A lot of my work went into separating the bed from the ground which is seething with hungry tree roots that have crippled most other attempts of growing vegetables. If you don't have that root problem then you could probably skip the plastic lining step and simply bury the base of the pavers in the ground. Drainage is facilitated by a layer of course sand at the bottom and 3mm or so gaps between the pavers.
Step 1: Foundation
Additional steps that I added but may not be necessary was a brick and earth foundation covered with old carpet and a thick plastic liner to stop tree roots getting into the bed.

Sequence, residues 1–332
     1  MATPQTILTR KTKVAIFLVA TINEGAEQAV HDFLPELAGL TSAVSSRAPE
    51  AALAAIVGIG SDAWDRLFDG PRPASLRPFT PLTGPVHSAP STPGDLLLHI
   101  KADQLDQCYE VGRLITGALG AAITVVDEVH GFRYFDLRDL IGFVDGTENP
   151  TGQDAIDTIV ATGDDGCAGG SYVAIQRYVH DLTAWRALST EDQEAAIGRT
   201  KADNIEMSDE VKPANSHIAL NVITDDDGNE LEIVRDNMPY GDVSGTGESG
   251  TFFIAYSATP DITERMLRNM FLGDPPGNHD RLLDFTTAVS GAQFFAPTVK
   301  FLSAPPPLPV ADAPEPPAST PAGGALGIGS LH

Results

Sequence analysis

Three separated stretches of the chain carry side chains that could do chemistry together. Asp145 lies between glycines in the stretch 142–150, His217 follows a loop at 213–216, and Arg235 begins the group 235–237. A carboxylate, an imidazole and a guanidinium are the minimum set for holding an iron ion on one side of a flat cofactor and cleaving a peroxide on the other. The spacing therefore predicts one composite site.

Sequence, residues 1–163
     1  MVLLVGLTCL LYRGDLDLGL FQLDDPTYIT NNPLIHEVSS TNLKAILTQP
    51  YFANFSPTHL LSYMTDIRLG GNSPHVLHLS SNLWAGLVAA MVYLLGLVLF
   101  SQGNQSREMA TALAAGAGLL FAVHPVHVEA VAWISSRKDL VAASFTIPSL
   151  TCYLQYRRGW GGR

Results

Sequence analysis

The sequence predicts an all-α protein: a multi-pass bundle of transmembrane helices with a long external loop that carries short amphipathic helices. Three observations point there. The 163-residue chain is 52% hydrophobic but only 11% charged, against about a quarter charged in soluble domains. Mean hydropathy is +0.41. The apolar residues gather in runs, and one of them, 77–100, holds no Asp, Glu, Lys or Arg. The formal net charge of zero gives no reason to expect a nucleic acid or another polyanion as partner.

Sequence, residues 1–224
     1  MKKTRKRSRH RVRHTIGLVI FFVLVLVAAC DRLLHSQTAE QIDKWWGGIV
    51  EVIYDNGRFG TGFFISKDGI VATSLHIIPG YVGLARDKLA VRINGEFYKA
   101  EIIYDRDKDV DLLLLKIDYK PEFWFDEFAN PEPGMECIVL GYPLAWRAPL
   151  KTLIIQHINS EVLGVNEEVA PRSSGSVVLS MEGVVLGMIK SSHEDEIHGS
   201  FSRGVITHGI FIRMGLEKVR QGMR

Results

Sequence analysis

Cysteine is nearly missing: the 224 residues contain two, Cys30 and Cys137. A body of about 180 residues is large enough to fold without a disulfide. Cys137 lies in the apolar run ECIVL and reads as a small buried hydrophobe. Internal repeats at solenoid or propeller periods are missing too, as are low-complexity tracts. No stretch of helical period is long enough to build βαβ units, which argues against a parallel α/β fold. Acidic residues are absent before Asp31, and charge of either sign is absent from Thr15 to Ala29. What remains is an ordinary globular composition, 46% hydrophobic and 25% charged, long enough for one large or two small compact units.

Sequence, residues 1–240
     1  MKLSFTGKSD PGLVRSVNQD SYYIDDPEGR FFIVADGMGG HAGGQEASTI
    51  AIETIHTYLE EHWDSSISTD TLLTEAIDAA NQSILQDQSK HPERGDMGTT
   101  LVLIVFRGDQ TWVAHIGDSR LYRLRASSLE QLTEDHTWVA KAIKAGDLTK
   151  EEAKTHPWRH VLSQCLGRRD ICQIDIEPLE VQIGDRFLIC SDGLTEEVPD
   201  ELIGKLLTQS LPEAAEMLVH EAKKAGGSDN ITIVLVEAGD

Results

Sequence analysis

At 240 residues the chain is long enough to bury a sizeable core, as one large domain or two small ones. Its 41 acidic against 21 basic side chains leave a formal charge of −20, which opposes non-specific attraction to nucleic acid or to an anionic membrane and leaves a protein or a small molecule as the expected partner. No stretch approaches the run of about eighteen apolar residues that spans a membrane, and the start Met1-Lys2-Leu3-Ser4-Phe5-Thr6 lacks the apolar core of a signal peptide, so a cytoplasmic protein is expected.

Step 2: Building
The top frame is made of 70x35mm treated pine, and is made to hang over the edge of the pavers by 30mm. L brackets are used to hold the frame together.
My quick and dirty approach to sitting the frame onto the pavers is to use large coach screws, which stop the pavers falling over. See 3rd photo below. I figured the pavers can't fall in once the bed is full of soil. It really would be better engineering to solidly attach the frame somehow to the pavers by drilling them and maybe using L brackets and bolts. The way I've done it is working great for me but I don't have earthquakes where I live or kids climbing on it.
Step 3: Base Frame and Drainage
A step not pictured is that I filled the bottom of the bed with a well drained sandy mixture and lined the gaps between the pavers with a strip of shade mesh to stop them clogging with soil.